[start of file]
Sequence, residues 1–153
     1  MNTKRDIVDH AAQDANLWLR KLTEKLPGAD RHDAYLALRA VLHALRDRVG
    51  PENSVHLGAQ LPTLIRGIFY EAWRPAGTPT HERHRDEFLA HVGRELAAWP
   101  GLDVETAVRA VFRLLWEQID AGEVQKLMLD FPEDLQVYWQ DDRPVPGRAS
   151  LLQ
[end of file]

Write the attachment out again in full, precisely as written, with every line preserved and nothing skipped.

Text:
Sequence, residues 1–153
     1  MNTKRDIVDH AAQDANLWLR KLTEKLPGAD RHDAYLALRA VLHALRDRVG
    51  PENSVHLGAQ LPTLIRGIFY EAWRPAGTPT HERHRDEFLA HVGRELAAWP
   101  GLDVETAVRA VFRLLWEQID AGEVQKLMLD FPEDLQVYWQ DDRPVPGRAS
   151  LLQ